Updates, commentary, training and advice on immigration and asylum law

Mandatory refusals and contriving to frustrate


Older content is locked

A great deal of time and effort goes into producing the information on Free Movement, become a member of Free Movement to get unlimited access to all articles, and much, much more


By becoming a member of Free Movement, you not only support the hard-work that goes into maintaining the website, but get access to premium features;

  • Single login for personal use
  • FREE downloads of Free Movement ebooks
  • Access to all Free Movement blog content
  • Access to all our online training materials
  • Access to our busy forums
  • Downloadable CPD certificates

I’ve just come across an interesting little judgment on mandatory refusal cases. It is only a permission decision so it has limited precedent value, but it is worth highlighting.

The case is SA (Pakistan) v SSHD [2009] EWCA Civ 1510 and concerns the mandatory refusal grounds set out at Immigration Rule 322. Permission was previously granted on the papers on some other tantalisingly unspecified grounds, which from the context may well be very interesting. This judgment was in respect of the grounds on which permission had been refused. In the course of giving judgment Sir David Keene comments as follows:

6. I will deal with these arguments in respect of SA and PB before I turn to the rather different case of NB. It is right that this particular provision of the Immigration Rules is expressed in mandatory terms. So, of course, are many other parts of the Immigration Rules, such as those requiring a valid entry clearance if the person is to be allowed to enter under various provisions: see, for example, paragraph 245B.

7. Such provisions are not ultra vires the Home Secretary’s power under section 3(2) of the 1971 Act because the rules are, as that subsection states, statements of the rules as to the practice to be followed in administering the 1971 Act. The Secretary of State retains, as Mr Malik recognises, a discretion to grant leave to enter or leave to remain outside the rules. That is clear from two divisional court cases, R v SSHD ex parte Rajinder Kaur & Ors [1987] Imm AR 278 and R v SSHD ex parte Ounejma [1989] Imm AR 75, both of which dealt with the provision requiring refusal of leave to enter if there was no entry clearance. In the former Glidewell LJ and Schiemann J, as he then was, held that such a mandatory rule was intra vires, the Secretary of State retaining a discretion. The same approach was adopted in the latter case. I can see no prospect of persuading the Court of Appeal that paragraph 322(1A) is ultra vires. Of course there is some force in what Mr Malik says about the approach which one should adopt towards the interpretation of the Immigration Rules. They are to be interpreted sensibly and not as strictly as one would when construing a statute. See for example R v IAT ex parte Alexander [1982] 1 WLR 1076 at 1080.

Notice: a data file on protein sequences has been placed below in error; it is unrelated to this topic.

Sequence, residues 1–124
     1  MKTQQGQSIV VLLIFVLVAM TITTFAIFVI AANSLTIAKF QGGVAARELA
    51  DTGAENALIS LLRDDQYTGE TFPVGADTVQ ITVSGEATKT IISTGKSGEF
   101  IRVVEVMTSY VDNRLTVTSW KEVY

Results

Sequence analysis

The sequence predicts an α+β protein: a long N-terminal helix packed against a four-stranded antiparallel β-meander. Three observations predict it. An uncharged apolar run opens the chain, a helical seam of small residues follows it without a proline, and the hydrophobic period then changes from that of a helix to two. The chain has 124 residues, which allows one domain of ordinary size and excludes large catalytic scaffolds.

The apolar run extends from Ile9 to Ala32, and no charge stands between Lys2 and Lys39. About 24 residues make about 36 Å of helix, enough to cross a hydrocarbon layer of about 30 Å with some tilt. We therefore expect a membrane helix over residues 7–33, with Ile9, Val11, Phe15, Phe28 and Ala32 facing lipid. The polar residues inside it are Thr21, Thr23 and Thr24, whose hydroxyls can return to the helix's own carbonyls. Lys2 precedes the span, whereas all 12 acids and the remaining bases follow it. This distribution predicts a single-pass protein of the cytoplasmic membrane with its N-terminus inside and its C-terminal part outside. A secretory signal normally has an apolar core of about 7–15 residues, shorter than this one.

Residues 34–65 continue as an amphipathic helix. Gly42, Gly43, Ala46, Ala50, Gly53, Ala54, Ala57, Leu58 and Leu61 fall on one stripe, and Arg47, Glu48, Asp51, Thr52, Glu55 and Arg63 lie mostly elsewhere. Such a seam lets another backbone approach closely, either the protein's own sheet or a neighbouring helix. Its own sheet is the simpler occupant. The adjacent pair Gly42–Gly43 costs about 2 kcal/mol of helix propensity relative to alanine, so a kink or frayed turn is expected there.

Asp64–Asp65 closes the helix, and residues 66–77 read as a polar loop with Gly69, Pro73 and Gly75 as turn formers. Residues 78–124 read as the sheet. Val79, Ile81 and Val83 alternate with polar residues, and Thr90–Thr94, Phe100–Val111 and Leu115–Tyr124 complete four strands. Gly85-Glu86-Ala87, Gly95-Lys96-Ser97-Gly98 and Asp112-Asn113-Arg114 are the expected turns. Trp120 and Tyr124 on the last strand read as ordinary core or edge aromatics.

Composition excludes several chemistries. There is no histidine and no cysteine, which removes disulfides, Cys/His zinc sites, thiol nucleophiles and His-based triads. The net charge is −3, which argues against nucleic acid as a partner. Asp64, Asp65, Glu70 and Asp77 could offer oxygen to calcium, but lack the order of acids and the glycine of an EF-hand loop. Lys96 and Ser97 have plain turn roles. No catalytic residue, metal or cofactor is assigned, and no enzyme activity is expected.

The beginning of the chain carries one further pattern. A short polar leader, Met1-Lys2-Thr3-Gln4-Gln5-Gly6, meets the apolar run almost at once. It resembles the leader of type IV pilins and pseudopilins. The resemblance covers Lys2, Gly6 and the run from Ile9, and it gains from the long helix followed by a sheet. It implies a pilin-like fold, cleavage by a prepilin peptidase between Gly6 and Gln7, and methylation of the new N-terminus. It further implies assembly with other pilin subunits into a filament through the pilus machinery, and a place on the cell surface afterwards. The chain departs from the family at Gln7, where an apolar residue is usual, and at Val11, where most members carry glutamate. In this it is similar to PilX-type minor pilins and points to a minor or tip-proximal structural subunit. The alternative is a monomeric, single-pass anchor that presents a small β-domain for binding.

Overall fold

8. That would entitle, in my view, an immigration judge to regard a trivial and innocent mistake in an application form as falling outside the terms of this provision. To that limited extent, I accept the point made by Mr Malik about a flexible interpretation but only to that extent. It would not apply simply because an error was made innocently if that error was nonetheless a serious one. It cannot avail these two applicants, even were there errors to be regarded as innocent ones. The misinformation provided in these two cases was very far from trivial…

I have acted in a few judicial review applications recently where Immigration Rules 320(7A) and then 320(7B) have been used to refuse applicants who have made arguably trivial mistakes in completing their visa application forms. All of the cases have been promptly settled so far, but if one eventually makes its way to court this (and perhaps the full judgment on the unknown grounds on which permission had already been granted) will be a useful bit of authority.

While on the subject, new guidance to ECOs has recently come out on the meaning of ‘contriving to frustrate’ the intentions of the rules. A much clearer spin seems to be given to the need for there to be aggravating circumstances in order to justify refusal, which is to be welcomed. Some of the said circumstances are comparatively trivial, though, while some are more obviously aggravating.

Relevant articles chosen for you
Picture of Free Movement

Free Movement

The Free Movement blog was founded in 2007 by Colin Yeo, a barrister at Garden Court Chambers specialising in immigration law. The blog provides updates and commentary on immigration and asylum law by a variety of authors.